Research team

EduBROn

The role of community-based educational spaces in tackling the ethnic gap in education: a mixed-method evaluation and impact study. 01/01/2021 - 31/12/2024

Abstract

Throughout the world many education systems struggle with continuous and large performance difficulties between native students and students with a migration background. Despite huge investments by policy makers and the implementation of a vast array of specific structure as well as more actor-centred measures, there seems to be little change. Often these 'underperforming' students have been passive bystanders in the discussion of potential solutions for the 'ethnic gap'. Yet, this ignores the many initiatives taken by ethnic minority communities to tackle educational inequalities. These are community-based educational spaces (CBES) such as home-work support groups, language classes and community-led supplementary and full-time schools. The few studies on these CBES generally focus on their political role and apply a predominantly ethnographic approach and thus the current state of the art mainly informs us about the political strategies of community representatives. Our project advances the state of the art and aims to fill existing knowledge gaps on the effectiveness and impact of CBES on student outcomes and on learning processes. More in particular we perform an evaluation and impact study acknowledging the voices and agency of CBES-stakeholders involved. To this end we apply a mixed-method approach combining quantitative analysis with qualitative field research. The insights will benefit stakeholders in CBES as well as in mainstream public education.

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Impact Evaluation Job Discovery Lab 01/12/2020 - 30/09/2022

Abstract

ESF impact evaluation of the job discovery lab aims to evaluate the following three objectives of the job discovery lab: - Objective 1: Participants gain self awareness: What do I consider important with regard to my future workplace? What team role fits my personality? - Objective 2: Participants discover a diversity of professions active within the Port of Antwerp. - Objective 3: Participants are supported in finding information about job vacancies, coaching, and training relevant to working at the Port of Antwerp.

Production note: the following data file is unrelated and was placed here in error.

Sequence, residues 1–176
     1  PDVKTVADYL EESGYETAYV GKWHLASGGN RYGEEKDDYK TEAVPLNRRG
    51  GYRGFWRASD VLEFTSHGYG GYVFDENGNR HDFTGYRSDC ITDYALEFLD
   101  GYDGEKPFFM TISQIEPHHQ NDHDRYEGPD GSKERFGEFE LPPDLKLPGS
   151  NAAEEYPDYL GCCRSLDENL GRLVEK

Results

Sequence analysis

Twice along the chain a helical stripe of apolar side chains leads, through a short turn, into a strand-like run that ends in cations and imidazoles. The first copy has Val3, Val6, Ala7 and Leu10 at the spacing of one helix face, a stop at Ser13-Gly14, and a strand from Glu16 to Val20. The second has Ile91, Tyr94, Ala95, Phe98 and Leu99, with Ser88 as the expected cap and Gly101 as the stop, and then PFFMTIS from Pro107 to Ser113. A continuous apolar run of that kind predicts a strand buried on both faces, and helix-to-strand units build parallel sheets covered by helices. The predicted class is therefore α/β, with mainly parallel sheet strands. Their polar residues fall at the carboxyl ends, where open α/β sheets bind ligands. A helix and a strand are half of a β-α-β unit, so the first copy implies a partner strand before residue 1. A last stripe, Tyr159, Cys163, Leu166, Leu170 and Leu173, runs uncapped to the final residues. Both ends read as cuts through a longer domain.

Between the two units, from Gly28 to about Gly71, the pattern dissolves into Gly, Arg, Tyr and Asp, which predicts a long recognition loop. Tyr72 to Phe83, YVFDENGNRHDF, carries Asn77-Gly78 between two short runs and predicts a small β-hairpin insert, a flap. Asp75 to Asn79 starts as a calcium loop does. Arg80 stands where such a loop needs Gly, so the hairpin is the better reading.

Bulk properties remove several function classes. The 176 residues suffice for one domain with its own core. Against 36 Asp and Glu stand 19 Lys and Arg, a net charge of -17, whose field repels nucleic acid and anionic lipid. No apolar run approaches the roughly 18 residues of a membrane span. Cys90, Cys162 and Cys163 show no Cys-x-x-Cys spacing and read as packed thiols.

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Project website

Emotions, Belonging and Collective Identity Formation in Education: Balancing Between Unity and Diversity in Flanders 01/11/2020 - 31/10/2021

Abstract

Debates on social cohesion, (sub)national identities, and citizenship are prominent in contemporary society. This research aims to understand the influence of education in the making of (collective) identities, by studying the role of emotions in the construction of feelings of belonging. Education has a key role in promoting a shared sense of belonging to strengthen social cohesion. Emerging interest in citizenship education is perceptible in research, policy and practice, and substantial literature explored the normative, 'fact-based' nature of citizenship education. Yet, previous research has shown that ethnic minority students in Europe construct different collective identities than ethnic majority students and that (sub)national identities are less attractive for minority youth. This implies that civic knowledge and attitudes are not able to emotionally bind minority students to an 'imagined national community'. Emotional investments of citizenship and belonging in education have gone relatively understudied. Hence, this study focuses on the emotional processes related to issues of belonging and citizenship in education, without ignoring power relations and the social and political context involved. With the use of a sequential mixed-methods design, this study aims to explore how (collective) identities are constructed by young people and how belonging and citizenship are understood, enacted, and experienced in schools in Flanders.